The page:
In any case, in the article published 11 years ago, Ms Tan’s father wrote how he brought his whole family to learn French cooking for 5 full weeks at the prestigious Le Cordon Bleu cooking school in Paris.

“Taking five weeks’ leave from work is not as difficult as one thinks. Most times, when you are at the top, you think you are indispensable. But if you are a good leader who has built up a good team, it is possible to go away for five weeks or even longer,” Ms Tan’s father wrote.

“My daughter Yanying, 23, would join us in Paris in our last week, since she could not take such long leave because she had just started working.”

The elder Tan said that the cooking course can make one uncomfortable. “Sore body, cuts and burns,” he said. “At the end of my first week, my body was sore, not counting the burns and occasional cuts on my hand… The restaurant kitchen is a very stressful place.”

On weekends, when there were no classes, he would bring his family to French restaurants to sample the fare. “After all, we were in Paris to learn about food,” he said. One of the French restaurants he particularly mentioned was the Michelin-star Le Cinq at the Four Seasons Hotel George V, where he and his family “sampled” exquisite French fare.

At the end of the course, the elder Tan revealed that his wife came in second while he came in fifth in their cooking class. He also later revealed that the 5-week course for his wife, son and himself at Le Cordon Bleu cost more than S$46,000. And this did not even include air fares, meals at restaurants and others.

Ms Tan’s father rapped by Teo Chee Hean

Not long after the Tan family’s expensive French cooking trip was revealed to the public, there was a public outcry with some accusing him of extravagance given that Singapore was in a recession at the time (‘Bureaucrat’s cooking trip sparks outcry‘, 14 Jan 2009).

With the public baying for blood, on 19 Jan 2009, Nominated MP Siew Kum Hong decided to ask the government in Parliament for its response to the matter.

NMP Siew said, “A senior civil servant recently contributed an article in the Straits Times describing his family’s five-week holiday in Paris which would have cost more than the 2007 average per capita GDP in Singapore ($53,000).”

“It was the civil servant’s own money, he has the prerogative to spend it as he sees fit. But in these (recession) times, writing about it in the national newspaper was unnecessarily provocative and unimaginably insensitive,” NMP Siew added.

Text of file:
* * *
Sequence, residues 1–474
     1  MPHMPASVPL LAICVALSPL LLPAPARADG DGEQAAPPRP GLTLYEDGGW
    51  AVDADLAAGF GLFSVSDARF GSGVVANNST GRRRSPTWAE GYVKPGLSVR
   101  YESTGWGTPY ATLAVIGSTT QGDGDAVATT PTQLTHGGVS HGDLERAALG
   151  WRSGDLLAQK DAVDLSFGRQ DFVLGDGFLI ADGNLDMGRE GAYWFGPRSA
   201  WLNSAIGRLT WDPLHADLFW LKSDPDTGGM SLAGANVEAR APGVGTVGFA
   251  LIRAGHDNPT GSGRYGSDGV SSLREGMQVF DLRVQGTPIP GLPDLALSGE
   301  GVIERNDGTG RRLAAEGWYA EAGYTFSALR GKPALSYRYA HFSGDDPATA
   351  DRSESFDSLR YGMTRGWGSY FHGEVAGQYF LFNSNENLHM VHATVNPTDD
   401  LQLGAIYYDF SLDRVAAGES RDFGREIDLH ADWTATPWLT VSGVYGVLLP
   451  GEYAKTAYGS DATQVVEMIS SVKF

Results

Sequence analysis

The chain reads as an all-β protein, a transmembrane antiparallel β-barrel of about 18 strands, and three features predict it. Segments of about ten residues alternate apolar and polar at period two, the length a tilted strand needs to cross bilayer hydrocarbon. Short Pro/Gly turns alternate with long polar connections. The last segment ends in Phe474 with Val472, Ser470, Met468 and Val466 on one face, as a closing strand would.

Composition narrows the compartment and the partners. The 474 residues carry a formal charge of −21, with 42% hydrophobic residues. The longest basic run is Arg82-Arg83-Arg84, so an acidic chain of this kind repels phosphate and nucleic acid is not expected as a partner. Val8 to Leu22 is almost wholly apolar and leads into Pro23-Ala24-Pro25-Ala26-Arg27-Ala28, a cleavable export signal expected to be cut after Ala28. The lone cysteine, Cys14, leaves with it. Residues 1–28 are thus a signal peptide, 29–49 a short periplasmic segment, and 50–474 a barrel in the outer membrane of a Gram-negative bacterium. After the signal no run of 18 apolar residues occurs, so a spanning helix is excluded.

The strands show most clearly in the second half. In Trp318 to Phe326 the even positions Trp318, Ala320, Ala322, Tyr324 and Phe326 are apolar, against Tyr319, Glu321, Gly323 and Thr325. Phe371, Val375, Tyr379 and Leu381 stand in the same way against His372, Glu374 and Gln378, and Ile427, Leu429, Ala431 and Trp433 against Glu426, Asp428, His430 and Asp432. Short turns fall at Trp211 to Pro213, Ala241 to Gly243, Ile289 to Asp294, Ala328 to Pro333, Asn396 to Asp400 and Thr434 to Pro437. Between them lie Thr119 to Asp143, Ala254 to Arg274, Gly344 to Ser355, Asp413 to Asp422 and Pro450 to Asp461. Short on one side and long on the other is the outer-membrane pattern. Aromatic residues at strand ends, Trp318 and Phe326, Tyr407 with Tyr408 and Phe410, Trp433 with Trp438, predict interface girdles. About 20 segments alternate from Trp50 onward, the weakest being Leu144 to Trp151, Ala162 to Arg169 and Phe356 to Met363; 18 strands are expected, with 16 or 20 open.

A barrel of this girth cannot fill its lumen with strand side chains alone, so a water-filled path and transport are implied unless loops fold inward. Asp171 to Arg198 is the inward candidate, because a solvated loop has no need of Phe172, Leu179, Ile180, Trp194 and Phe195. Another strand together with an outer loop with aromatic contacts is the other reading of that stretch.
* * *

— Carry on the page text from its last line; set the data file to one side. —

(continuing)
“So my question is whether the Public Service has guidelines in place to ensure that senior civil servants conduct themselves appropriately and sensitively, and were they followed in this case?”

Then DPM Teo Chee Hean replied, “What the civil servant in question, Mr Tan, does during his vacation leave is his private decision. However, I was disappointed with what he wrote in the Straits Times.”

“The article showed a lack of sensitivity and was ill-judged. It struck a discordant note during the current difficult economic circumstances when it is especially important to show solidarity and empathy for Singaporeans who are facing uncertainties and hardship,” Teo added.

“The Head of Civil Service has spoken to Mr Tan about this to make these points and asked Mr Tan to take note of the feedback and learn from this episode. The Head of Civil Service has followed up to write to Mr Tan to put the matter on the record.”

Civil Service head Peter Ho also rapped Ms Tan’s father, “It is part of the duty of civil servants to be sensitive to challenges faced by Singaporeans, especially in difficult times like these. The leadership of the Civil Service – the Permanent Secretaries – must exemplify this sensitivity.”

“Mr Tan’s comments were clearly ill-judged, and were quite inappropriate, particularly because of his leadership position,” Ho added.

Eleven years have passed. It looks like another member of the Tan family, this time Tan Yong Soon’s daughter, Tan Yanying, will be discussed in Parliament soon.

Workers’ Party chairman Sylvia Lim has filed questions as well as an adjournment motion on the Ms Parti’s case for Parliament to debate at its next sitting, which is scheduled to take place in Oct next month. Home Affairs and Law Minister K. Shanmugam said it would be good for Parliament to discuss the matter.

However, unlike her father, there is now a court case pending against DPP Tan Yanying and her colleague.